Tips for Teaching Controversial Subjects

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by Glenn Sacks

On her first day in office, Arkansas governor Sarah Huckabee Sanders signed an executive order banning “indoctrination and critical race theory” in schools.

She’s far from alone: a recent Education Week analysis found that over the past two years, bills, executive orders, or other means that would ban “divisive concepts,” particularly critical race theory, have appeared in 42 states.

With an eye to enforcing such measures, Fox News host Tucker Carlson calls for cameras in classrooms and a “civilian review board in every town” to root out teacher bias. Since I began teaching high school social studies in 1990, I’ve never seen such scrutiny of what we teach.

I believe that educators, particularly social studies teachers, should teach controversial subjects. How? My high school social studies teacher showed me.

He didn’t pontificate upon the controversies of the day—he stuck to the curriculum and the textbook. In other words, he taught me exactly what not to do. As teachers, it isn’t enough to present the material; we need to make the subject engaging.

Yes, it was my fault that I gained little from his class. My friend, a self-described “robotically efficient” student, was able to learn a lot from this teacher. I squandered the opportunity. But many of my classmates also found his class boring. Occasionally, someone would ask the teacher his opinion about a current issue, and I’d perk up from my daydreams. He’d only say, “Now’s not the time for that,” and, disappointed, I would start to fade out again.

Largely because of social media, more than in any other recent generation, our students’ lives are steeped in politics. Students want to know what their teachers think of the videos and posts they see about current controversies.

When we social studies teachers pretend that we don’t have an opinion, our students feel that we’re holding out on them, and that they’re being shortchanged. How could a teacher not have an opinion about the types of issues they’ve spent their lives studying?

Sometimes I think, “the material I’m teaching is interesting—how did my teacher make it so boring?” Often, it was because it was drained of any sense of controversy, of battle, of drama, of people fighting for a cause.

Critics confuse being opinionated with being partisan. Having a viewpoint doesn’t mean you can’t credit the other side when they’re correct. I oppose Donald Trump, but I do explain to my students that the Left sometimes criticizes him for silly reasons and puts him in double binds.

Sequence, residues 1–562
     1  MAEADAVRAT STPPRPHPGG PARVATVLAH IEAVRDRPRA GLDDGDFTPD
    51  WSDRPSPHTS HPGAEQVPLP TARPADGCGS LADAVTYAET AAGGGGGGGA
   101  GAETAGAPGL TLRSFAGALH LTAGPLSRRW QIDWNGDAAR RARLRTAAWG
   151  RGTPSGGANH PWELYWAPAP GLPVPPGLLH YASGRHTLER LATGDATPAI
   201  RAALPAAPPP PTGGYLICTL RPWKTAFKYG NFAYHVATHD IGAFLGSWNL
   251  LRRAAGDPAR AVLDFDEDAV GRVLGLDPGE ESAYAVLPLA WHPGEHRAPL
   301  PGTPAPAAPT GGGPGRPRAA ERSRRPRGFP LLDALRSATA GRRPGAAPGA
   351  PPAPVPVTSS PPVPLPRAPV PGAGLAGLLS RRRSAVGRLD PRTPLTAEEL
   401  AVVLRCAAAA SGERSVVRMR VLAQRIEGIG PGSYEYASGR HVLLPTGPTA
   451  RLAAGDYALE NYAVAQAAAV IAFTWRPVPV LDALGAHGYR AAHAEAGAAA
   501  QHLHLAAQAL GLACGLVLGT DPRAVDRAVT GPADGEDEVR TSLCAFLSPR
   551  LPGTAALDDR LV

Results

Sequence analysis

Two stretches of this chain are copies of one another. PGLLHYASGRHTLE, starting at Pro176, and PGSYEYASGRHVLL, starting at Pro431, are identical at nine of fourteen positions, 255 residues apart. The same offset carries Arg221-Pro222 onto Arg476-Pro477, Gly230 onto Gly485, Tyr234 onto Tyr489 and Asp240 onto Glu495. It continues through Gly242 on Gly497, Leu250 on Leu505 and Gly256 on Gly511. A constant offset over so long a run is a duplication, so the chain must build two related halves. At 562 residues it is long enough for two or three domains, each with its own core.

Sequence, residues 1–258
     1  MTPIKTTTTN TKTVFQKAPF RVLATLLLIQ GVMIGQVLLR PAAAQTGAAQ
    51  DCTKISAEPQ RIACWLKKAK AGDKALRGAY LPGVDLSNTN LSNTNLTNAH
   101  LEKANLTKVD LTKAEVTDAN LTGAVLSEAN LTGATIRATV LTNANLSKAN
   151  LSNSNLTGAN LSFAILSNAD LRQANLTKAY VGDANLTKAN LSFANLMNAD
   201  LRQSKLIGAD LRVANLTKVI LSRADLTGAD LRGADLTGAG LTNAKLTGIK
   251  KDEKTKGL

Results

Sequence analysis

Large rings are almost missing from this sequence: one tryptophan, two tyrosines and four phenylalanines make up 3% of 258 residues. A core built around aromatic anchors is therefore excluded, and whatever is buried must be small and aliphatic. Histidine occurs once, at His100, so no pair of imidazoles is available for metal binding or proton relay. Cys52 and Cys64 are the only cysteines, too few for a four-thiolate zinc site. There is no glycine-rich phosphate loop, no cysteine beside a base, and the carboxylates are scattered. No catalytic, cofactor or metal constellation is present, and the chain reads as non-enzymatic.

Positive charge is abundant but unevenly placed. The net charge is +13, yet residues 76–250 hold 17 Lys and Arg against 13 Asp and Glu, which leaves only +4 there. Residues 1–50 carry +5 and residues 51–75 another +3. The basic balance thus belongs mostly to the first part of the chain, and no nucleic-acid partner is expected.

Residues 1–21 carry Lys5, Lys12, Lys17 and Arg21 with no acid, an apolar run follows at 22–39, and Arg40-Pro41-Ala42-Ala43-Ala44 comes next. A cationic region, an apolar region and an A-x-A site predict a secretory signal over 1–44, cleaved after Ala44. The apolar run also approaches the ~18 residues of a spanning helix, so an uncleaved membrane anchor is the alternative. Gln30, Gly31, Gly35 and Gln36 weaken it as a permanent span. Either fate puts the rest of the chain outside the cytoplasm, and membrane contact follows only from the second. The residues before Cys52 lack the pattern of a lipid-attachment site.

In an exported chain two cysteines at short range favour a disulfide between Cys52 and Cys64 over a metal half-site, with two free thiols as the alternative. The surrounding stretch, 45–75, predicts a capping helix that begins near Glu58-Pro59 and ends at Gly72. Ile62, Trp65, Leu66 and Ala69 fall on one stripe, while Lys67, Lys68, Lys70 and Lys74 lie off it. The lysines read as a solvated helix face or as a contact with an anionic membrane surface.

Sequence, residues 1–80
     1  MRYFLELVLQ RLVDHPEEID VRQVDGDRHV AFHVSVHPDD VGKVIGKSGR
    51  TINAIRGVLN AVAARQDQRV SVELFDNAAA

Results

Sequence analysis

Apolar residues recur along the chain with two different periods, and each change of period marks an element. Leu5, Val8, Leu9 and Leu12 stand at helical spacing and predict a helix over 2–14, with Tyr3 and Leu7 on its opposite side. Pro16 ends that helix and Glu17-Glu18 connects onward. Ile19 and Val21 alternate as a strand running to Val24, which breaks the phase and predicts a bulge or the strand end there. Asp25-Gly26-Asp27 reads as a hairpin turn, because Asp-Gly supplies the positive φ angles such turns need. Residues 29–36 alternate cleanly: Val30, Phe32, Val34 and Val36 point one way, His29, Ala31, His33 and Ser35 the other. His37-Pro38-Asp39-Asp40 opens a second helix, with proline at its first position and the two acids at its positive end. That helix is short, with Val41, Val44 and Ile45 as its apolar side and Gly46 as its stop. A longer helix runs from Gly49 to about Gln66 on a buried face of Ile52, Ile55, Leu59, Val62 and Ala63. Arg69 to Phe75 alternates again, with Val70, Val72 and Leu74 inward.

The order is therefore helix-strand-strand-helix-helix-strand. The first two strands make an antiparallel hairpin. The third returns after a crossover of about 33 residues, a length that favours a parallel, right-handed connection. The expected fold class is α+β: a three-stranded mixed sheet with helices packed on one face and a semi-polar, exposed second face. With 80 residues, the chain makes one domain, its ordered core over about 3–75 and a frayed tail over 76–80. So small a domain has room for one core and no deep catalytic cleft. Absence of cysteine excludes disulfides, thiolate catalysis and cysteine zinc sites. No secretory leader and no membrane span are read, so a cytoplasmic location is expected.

For example, when Trump was friendly to North Korea, he was accused of cozying up to dictators. When he was adversarial, he was labeled a warmonger.

Having a viewpoint doesn’t mean that you can’t explain the other side’s view. When speaking of an environmental law, for example, I might add, “conservative opponents contend it would drive up businesses’ costs and deter further investment—and sometimes that happens.”

When a student challenges me, I say, “I’ll tell you why you’re right, then explain the problems with your argument.” If a student fervently disagrees on an issue, I might toss him my marker, sit in back, and say, “OK, educate us.” And yes, this will be on the test—I hold the other students responsible for anything this student teaches, just as if I had taught it.

When a controversy is being debated, the teacher should modulate the political angle to encourage further discussion. A few months ago, I invited a conservative former student to give a presentation supporting the Republican Party in the November 2022 elections.

He did a creditable job, but a few students aggressively challenged him. I then explained some of the flaws in the arguments leveled against the conservative student, using them to demonstrate curriculum concepts.

For example, when one student linked a moderate California Republican congressman to the events of January 6, 2021, I explained that this was a “guilt by association” tactic and provided some other cases in which it was used by both Democrats and Republicans.

Some conservative critics are unconsciously lumping two distinct issues together. Yes, the (rare) instances when a teacher personally attacks or disparages students for their political beliefs are a problem. But the vastly more common scenario is when students or parents are unhappy because political views that they agree with are being criticized.

Critics have the right to demand we treat those who disagree with us respectfully. They don’t have the right to demand that we always agree with them.

I can’t promise that no student ever walks out of my class annoyed, and no teacher could contend that their students are never bored. But the further a class gets from what is happening in the real world, the less engaged students will be. If a teacher is opinionated but fair, the various sides of an argument will emerge in a productive, compelling way.

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